Public Protector Thuli Madonsela. Picture: PUXLEY MAKGATHO
Public Protector Thuli Madonsela at a briefing on Monday during which she bemoaned attacks against her office and her report on Nkandla by members of the government. Picture: PUXLEY MAKGATHO

PUBLIC Protector Thuli Madonsela on Monday put up a spirited defence of her report into President Jacob Zuma’s private Nkandla residence, saying attacks against her were full of inaccuracies and misinformation.

The state’s criticism of her findings into spending at the residence eroded the standing of her office, she warned.

"Our ability to strengthen constitutional democracy is being eroded," she said.

A visit to Nkandla by MPs last month after Police Minister Nathi Nhleko exonerated Mr Zuma from paying back any money towards upgrades resulted in a fresh series of attacks on Ms Madonsela’s office and her report released last year, which found that Mr Zuma and his family had unduly benefited from non-security features.

In a damning statement directed at Speaker of Parliament Baleka Mbete, Ms Madonsela took on the government for quoting selectively from her report, misinterpreting the laws governing her office — which is a chapter 9 institution — bickering about her findings and attacks on her person.

She addressed Ms Mbete as Parliament’s ad hoc committee on Nkandla refused to give her an opportunity to appear before it after members of the committee criticised her findings. Though the ad hoc committee itself had said it was not reviewing her report, its members constantly attacked her findings, making "selective references" to some of them.

"The rule of law … does not allow anyone to edit any of the constitutionally imposed institutions out of the public accountability path," she said.

She appealed to Ms Mbete to halt the process and called for meaningful discussion with her office instead of the current "vitriolic attacks" from politicians.

To back up her claim of growing disregard for her office, Ms Madonsela cited an instance of a national government official who responded to a detailed report by her with two paragraphs, indicating that the department would take up the issue directly with the complainant who had sought relief from her office. Ms Madonsela said this and other examples showed a worrying trend of "defiance". She expressed concern over the "safety" and "value" of her office being eroded.

Complaints her office received from the public had dropped and she feared that with no recourse to correct injustices against the public and youth, anger could result in unrest.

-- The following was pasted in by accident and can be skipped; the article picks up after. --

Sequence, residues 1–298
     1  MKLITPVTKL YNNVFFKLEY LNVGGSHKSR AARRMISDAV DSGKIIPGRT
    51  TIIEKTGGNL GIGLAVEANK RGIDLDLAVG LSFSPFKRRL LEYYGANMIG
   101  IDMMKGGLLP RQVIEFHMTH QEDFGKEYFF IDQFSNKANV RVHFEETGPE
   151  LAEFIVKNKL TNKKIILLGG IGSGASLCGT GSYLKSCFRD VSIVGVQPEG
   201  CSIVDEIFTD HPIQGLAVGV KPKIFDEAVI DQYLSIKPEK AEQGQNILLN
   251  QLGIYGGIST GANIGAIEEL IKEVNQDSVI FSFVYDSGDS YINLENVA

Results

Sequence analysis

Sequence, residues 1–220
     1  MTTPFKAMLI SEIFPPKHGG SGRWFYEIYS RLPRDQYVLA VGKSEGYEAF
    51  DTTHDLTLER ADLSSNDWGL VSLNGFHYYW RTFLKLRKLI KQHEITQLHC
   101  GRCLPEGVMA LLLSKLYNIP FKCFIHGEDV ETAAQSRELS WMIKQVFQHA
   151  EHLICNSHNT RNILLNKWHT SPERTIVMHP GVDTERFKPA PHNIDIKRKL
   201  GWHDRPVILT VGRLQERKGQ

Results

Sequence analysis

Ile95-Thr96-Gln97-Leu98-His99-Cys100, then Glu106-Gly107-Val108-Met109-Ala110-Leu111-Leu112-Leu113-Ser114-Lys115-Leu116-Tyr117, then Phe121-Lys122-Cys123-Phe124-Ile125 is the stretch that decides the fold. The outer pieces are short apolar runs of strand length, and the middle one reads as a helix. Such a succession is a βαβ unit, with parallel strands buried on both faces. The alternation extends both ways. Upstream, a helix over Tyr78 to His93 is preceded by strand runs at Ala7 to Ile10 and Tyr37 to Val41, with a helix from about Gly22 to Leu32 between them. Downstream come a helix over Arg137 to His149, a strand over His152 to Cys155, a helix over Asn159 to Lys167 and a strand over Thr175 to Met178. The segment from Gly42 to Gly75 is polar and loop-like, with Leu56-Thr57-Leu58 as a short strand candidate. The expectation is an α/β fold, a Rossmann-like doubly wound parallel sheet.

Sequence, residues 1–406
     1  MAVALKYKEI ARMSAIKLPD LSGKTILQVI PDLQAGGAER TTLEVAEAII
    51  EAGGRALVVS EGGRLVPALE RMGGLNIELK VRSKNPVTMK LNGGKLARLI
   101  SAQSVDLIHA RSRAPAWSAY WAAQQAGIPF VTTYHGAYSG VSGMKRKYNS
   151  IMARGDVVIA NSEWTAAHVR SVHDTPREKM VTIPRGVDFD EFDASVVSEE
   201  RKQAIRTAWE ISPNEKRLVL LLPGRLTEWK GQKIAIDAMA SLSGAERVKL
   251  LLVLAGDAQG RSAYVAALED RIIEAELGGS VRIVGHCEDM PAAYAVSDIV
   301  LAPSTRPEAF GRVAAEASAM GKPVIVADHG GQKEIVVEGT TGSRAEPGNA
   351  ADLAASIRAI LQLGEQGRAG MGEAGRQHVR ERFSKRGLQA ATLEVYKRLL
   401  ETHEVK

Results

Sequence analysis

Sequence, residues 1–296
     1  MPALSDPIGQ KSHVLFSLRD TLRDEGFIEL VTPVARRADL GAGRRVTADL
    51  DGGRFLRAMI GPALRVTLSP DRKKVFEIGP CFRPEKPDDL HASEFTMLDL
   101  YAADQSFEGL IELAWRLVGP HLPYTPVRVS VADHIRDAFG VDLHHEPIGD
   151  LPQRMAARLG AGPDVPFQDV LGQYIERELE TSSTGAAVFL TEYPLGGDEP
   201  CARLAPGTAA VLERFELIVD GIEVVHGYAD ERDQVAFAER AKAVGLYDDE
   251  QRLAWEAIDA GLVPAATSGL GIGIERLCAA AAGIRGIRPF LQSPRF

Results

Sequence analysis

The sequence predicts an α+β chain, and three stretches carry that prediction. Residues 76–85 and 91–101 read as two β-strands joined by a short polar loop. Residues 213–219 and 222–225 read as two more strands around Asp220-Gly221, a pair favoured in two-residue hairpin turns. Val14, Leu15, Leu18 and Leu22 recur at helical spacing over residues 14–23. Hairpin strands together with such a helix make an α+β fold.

In a prompt reply the African National Congress (ANC) in Parliament repeated many of the criticisms expressed by their MPs last month and urged Ms Madonsela to allow the ad hoc committee to conclude its work. She detailed 10 aspects of her Nkandla report on which she had been attacked by MPs and responded in detail to each one.

She said Mr Zuma should have halted the upgrades in 2009 when it emerged that there were possible irregularities. She further highlighted a section of her report on an "apportionment document" compiled by then deputy public works minister Hendrietta Bogopane-Zulu which showed that the government task team implementing the project had apportioned costs for which Mr Zuma should have been responsible. Her finding of an "undue benefit" on his part was not targeting Mr Zuma as has been claimed and not due to an "act or commission" by him, but was in line with her investigation on whether there was irregular spending on the project.

"Public servants return monies to government regularly where such monies were overpaid to them by mistake, fault on their part is not a requirement," she said.

The classification of certain items as security and nonsecurity items: she indicated that the swimming pool was in fact described as such in minutes of meetings held to plan the upgrades by the government’s implementing team itself as well as by Ms Bogopane-Zulu’s apportionment document. This document stated that there was a request from the Presidency to convert the fire pool into a swimming pool, which was done. It also indicated an amount to be paid by Mr Zuma for the conversion.

Similarly, it was government officials who described the amphitheatre as having dual purposes — a gathering place and a soil retention wall. Turning the retention wall into an amphitheatre came with extra costs. Ms Madonsela said whether the swimming pool was dirty or the visitors centre too small — as described by MPs after their visit — was irrelevant. Her job had been to investigate whether there was authority to construct the items in a security upgrade and not to assess maintenance.

On Mr Nhleko’s report, Ms Madonsela said there was no legal basis for a member of the executive to review her findings or re-investigate the matter.

Ms Madonsela said taking the government to court for contempt over Nkandla would be an "extreme" decision, but she was seeking legal opinion and her team was "putting their heads together" on the matter.